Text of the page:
The causes of breathlessness
We feel breathless when our muscles sense that they are not getting the oxygen they need. So they send a message via the nervous system to our brain, which tells us to breathe faster and work harder to get more oxygen.
There are many things that can cause breathlessness and it’s a good idea to have your breathlessness assessed by your medical team to make sure that there is no other medical cause. You might have a breathing test, a chest x-ray, blood test or have your oxygen levels checked.
There are a number of things you can do manage your breathlessness:
Don’t overdo it!
It’s likely that you will experience breathlessness when you are physically active. With pulmonary fibrosis, the scar tissue in the lungs slows down oxygen entering the blood.
But if you stop what you are doing, you will notice that your breathing will slow down and you will recover quite quickly. You do, therefore, have some control over your breathlessness.
You will learn very quickly which activities you can manage. This will mean that over time your choice of activities may change. For example, you may still want to spend time walking your dog but may have to delegate cutting the six-foot hedge to someone else!
You can explore the amount you can manage – and increase it – by taking part in a pulmonary rehabilitation programme.
Learn to slow down
If you start out slowly, you’ll be able to sense your breathlessness developing, a bit like a wave building up as it travels into the shore. Learning to sense the wave building up gives you a chance to remain in control. If you stop at this point and allow your breathing to settle, then you can start up again as soon as you feel comfortable.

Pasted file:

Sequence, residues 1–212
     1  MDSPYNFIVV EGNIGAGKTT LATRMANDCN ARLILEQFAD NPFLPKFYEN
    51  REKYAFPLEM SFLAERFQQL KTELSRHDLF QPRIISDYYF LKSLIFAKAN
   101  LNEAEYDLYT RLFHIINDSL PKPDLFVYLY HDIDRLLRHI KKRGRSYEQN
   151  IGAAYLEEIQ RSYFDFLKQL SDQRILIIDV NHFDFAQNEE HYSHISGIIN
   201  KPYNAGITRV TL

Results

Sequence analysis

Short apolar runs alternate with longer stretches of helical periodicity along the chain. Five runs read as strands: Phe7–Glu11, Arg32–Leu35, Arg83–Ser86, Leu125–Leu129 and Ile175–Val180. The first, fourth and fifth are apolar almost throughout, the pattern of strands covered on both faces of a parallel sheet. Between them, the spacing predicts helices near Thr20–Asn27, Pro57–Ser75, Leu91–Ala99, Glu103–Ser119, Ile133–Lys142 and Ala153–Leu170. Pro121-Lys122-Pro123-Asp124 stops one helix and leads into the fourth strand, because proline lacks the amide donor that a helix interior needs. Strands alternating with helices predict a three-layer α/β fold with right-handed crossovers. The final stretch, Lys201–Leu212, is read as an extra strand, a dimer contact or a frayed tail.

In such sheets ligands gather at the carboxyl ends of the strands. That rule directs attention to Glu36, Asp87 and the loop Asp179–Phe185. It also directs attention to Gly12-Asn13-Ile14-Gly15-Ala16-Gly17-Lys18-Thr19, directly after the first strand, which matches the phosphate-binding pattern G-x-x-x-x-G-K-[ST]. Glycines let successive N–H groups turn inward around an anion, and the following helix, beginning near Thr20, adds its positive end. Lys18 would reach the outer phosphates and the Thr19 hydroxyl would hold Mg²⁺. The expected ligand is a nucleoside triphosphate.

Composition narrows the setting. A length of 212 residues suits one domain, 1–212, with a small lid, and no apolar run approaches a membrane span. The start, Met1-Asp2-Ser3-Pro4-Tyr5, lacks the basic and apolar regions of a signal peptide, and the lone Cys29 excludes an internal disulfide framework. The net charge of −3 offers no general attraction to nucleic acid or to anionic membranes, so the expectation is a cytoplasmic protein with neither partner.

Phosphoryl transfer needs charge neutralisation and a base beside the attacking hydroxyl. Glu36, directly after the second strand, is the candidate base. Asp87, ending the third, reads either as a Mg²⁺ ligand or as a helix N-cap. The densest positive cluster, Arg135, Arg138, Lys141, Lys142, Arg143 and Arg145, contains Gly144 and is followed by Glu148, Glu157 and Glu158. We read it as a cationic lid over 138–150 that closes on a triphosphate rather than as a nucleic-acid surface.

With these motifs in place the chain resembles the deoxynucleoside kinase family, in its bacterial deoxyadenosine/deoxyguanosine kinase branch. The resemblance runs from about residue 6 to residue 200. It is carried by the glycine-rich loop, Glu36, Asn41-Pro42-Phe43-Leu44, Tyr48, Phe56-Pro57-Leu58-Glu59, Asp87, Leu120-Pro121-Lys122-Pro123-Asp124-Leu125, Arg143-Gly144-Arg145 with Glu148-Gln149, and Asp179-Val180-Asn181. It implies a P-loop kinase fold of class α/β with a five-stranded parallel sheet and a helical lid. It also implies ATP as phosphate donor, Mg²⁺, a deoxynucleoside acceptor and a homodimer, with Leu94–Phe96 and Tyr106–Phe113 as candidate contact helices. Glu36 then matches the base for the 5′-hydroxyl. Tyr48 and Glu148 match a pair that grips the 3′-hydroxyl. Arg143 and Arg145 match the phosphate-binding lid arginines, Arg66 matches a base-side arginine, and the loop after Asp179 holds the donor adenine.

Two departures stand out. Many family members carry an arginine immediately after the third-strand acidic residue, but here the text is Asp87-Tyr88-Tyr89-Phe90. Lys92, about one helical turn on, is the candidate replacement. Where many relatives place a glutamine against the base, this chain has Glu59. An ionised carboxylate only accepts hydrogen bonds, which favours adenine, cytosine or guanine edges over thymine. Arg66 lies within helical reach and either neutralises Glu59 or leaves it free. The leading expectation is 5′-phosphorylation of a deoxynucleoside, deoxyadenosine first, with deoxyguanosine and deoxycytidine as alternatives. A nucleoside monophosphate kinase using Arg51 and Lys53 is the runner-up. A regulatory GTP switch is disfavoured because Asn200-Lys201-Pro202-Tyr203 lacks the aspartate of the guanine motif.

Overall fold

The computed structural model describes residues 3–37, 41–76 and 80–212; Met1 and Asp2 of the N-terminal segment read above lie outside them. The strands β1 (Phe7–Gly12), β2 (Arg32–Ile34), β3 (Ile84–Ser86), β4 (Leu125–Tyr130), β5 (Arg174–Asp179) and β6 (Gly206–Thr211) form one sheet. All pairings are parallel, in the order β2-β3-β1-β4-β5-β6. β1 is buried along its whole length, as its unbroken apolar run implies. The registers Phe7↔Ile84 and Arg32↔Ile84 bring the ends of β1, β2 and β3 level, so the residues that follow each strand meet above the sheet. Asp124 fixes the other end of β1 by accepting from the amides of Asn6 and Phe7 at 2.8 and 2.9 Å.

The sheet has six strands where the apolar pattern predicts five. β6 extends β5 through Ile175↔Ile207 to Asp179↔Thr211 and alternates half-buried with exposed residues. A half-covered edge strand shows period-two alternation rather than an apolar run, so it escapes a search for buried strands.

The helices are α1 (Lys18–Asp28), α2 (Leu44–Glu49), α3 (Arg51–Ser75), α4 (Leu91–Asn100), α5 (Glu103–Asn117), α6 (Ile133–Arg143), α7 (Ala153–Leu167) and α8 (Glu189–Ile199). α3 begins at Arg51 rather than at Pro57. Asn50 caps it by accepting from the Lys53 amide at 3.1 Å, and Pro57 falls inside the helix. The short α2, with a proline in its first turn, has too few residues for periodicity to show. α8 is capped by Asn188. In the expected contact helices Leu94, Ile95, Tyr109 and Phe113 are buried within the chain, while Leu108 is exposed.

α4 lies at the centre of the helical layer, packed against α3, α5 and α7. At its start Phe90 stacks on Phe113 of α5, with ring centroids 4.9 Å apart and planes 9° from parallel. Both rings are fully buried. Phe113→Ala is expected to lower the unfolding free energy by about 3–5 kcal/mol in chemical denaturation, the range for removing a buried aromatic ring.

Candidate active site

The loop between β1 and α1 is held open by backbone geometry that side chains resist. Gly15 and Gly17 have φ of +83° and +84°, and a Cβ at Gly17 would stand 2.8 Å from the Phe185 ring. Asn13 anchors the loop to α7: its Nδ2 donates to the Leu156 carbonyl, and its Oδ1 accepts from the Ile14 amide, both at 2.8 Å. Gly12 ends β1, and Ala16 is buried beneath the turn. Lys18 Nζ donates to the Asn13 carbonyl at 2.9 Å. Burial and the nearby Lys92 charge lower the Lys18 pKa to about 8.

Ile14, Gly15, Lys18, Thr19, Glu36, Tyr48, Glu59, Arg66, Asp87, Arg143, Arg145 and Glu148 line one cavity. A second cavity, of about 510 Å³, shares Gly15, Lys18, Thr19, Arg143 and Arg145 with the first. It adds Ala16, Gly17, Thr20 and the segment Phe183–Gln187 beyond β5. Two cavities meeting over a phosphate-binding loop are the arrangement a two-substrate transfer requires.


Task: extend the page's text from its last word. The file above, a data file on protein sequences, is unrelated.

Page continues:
If you feel in control of your breathlessness you are less likely to panic. Many people with pulmonary fibrosis learn to pace themselves by stopping and starting.
Help may also be at hand in the form of additional oxygen. Many people use oxygen for many years, just like any other treatment. Your healthcare practitioner will be regularly assessing you to see whether you might benefit from oxygen.
A rollator supports your body weight as you walk. There are several different models; you might want to try one with a seat so you can have a rest if needed, or with a basket so you can carry oxygen. You could also experiment with a supermarket trolley when shopping to see if this helps you.
Some people also find carrying a stick provides the support they need, and helps them to feel less uncomfortable about going slowly when they are out and about.
Drugs can help reduce the sensation of breathlessness. Some of these drugs include small doses of morphine, which can also have side-effects of constipation. Some drugs work by reducing anxiety brought on by breathlessness. Talk to your medical team about drugs that might help.
It’s not just physical triggers that can bring on breathlessness. When people experience a nervous or anxious situation, they often remember feeling breathless or being unable to speak.
Relaxation is useful for relieving anxiety and managing breathlessness, so try to find what relaxes you. It might be listening to a relaxation tape or app, music, or reading a book. It might just be spending time with your family and friends.
Distraction is also a useful tool to help people relax and forget about their breathlessness. Getting absorbed in something that you enjoy is a good way of switching off.
Opening a window and having cool air circulating can help breathlessness. Likewise, a fan can help to move air and feel refreshing around the face. There is some evidence that using a handheld fan can help reduce the unpleasant sensation of breathlessness.
There are also breathing techniques to help you use your lungs more efficiently and to feel in control of your breathing.
For carers, you can also look at the supporting breathlessness resource
Hull York medical school has a useful Guide to living well with breathlessness